The Q&A Archives: IPM Timing

Question: To stay ahead of insects eating and reproducing in my vegetable garden, how do I determine best time to set out my transplants?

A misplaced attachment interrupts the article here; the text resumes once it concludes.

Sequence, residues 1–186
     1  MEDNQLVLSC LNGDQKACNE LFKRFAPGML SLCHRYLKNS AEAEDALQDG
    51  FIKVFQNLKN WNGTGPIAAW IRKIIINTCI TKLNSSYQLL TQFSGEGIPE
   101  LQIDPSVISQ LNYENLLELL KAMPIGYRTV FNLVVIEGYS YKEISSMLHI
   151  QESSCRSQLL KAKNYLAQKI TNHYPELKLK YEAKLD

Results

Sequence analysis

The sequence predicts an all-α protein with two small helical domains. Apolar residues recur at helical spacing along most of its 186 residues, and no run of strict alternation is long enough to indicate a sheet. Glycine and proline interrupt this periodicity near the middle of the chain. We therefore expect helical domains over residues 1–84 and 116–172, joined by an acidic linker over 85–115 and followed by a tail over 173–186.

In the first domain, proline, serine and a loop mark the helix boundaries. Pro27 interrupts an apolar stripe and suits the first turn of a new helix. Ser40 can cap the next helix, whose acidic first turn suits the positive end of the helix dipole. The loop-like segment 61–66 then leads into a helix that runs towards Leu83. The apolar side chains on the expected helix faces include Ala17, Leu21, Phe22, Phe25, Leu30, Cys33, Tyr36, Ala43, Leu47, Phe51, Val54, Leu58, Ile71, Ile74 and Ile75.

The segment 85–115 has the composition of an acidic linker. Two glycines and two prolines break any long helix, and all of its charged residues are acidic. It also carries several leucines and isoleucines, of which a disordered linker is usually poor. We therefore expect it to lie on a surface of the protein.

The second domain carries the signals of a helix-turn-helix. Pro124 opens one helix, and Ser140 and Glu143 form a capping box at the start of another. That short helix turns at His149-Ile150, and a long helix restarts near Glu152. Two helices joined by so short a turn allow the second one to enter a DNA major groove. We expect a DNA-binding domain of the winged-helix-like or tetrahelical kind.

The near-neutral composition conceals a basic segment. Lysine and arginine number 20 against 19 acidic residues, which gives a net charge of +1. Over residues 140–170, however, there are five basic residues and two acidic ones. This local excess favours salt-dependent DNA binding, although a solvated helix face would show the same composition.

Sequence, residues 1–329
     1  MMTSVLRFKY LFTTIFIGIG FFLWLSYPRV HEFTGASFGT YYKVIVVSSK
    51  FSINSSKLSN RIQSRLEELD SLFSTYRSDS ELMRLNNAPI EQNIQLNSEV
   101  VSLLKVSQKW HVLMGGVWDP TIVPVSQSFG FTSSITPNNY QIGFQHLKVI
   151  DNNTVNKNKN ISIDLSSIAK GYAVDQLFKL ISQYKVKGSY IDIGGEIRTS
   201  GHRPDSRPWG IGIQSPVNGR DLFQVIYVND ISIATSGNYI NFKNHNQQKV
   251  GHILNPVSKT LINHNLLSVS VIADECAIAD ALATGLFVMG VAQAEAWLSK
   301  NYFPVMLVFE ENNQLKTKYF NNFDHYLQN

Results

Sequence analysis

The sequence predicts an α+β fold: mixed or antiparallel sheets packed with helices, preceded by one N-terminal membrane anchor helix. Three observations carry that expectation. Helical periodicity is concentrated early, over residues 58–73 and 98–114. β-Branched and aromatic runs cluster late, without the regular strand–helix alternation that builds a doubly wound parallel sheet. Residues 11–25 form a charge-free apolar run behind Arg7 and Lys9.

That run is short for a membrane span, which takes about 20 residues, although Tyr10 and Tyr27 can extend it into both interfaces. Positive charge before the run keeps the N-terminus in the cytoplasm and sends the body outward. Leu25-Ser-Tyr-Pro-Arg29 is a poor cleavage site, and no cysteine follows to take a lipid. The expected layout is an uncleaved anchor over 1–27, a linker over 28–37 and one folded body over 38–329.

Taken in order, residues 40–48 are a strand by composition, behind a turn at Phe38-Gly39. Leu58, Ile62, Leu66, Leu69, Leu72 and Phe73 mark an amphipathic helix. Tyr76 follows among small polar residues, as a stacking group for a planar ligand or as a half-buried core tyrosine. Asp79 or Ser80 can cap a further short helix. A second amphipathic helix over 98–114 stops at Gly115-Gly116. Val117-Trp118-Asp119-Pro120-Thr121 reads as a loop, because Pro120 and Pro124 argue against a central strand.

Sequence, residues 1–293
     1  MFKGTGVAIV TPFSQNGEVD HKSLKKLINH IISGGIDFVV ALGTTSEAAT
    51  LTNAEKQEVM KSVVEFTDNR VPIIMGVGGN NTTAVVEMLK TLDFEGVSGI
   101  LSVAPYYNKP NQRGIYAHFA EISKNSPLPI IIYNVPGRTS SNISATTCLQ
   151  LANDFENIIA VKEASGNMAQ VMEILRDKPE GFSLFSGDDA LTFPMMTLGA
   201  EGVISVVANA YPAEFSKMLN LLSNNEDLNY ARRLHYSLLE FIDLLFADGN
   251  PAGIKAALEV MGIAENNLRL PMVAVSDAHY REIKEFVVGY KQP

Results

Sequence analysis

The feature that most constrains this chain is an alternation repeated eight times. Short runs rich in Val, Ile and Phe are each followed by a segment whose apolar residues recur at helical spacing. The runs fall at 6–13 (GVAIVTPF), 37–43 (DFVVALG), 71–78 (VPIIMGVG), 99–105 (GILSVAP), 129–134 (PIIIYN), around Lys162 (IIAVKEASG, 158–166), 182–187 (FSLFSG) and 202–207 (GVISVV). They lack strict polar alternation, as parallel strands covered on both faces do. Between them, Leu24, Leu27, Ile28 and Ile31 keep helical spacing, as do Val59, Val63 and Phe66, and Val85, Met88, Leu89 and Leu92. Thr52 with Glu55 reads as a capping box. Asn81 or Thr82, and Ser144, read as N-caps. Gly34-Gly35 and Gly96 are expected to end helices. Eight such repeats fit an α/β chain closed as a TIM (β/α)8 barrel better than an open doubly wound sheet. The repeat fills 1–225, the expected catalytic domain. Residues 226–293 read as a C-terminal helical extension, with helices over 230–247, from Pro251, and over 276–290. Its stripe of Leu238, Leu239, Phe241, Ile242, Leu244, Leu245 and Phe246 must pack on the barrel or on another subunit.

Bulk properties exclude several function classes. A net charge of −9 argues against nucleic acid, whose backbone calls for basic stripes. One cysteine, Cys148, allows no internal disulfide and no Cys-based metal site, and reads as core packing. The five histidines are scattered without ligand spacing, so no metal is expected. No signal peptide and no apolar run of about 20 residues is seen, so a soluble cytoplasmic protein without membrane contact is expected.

Answer: The timing of insect emergence is very closely tied to weather--specifically temperature. Commercial orchardists, for example, carefully count the "degree days" in the spring, and by doing so are able to predict quite accurately when insect pestswill hatch or emerge from their overwintering sites.<br><br>If you are really interested, you could do some research on the temperature requirments for the emergence of particular pests--then create your own weather monitoring set-up. <br><br>In general:For shorter season (or fast-maturing) crops, you can try setting them out either a little earlier or a little later than usual. For example, if you set your broccoli out a week or two earlier than usual, you might get them to harvestable size before the cabbage loopers begin laying eggs (and their caterpillars start munching). Or, you could wait until mid-summer to set the plants out (perhaps under a row cover for the first month or so). Then, the plants will be maturing after the caterpillars are through.<br><br>It's a little harder with long-season crops like tomatoes, eggplant, or peppers. <br><br>The best advise I can offer is to experiment, keep your plants in optimum health, try to reduce the stress on plants with careful watering, fertilization, etc. And try to grow crops within their optimum temperature range. (That is, don't try to grow those broccoli plants in the heat of mid-summer.)<br><br>You can also try contacting your cooperative extension office (ph# 203-789-7865); they may havesome information about pest emergence in your area. <br><br>

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